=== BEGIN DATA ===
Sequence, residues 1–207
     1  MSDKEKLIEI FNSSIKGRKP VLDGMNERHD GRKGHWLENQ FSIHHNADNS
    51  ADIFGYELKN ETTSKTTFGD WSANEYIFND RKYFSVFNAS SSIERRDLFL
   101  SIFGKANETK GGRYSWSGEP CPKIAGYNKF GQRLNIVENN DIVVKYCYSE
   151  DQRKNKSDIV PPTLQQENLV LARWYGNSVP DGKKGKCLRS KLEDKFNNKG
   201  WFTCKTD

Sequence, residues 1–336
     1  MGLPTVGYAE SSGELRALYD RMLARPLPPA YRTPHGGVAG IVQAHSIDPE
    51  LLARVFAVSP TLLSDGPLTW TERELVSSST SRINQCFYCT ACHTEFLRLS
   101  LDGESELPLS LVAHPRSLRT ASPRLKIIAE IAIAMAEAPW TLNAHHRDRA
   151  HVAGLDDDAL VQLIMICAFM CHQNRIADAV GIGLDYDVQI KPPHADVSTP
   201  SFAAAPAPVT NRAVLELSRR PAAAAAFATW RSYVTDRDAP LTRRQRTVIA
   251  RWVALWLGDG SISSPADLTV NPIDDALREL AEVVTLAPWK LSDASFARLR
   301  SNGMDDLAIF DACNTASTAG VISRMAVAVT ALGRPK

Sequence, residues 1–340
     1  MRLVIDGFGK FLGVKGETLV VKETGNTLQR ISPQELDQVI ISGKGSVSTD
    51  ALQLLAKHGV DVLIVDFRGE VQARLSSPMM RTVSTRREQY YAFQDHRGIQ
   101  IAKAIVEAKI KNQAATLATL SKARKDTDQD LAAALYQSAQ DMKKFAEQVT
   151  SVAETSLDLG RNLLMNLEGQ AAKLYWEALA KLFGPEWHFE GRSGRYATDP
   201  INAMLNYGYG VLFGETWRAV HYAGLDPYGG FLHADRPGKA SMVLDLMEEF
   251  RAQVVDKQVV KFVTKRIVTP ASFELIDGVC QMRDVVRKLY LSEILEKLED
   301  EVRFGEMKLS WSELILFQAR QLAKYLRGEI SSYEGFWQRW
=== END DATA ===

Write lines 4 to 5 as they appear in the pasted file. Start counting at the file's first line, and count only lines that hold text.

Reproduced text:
   101  SIFGKANETK GGRYSWSGEP CPKIAGYNKF GQRLNIVENN DIVVKYCYSE
   151  DQRKNKSDIV PPTLQQENLV LARWYGNSVP DGKKGKCLRS KLEDKFNNKG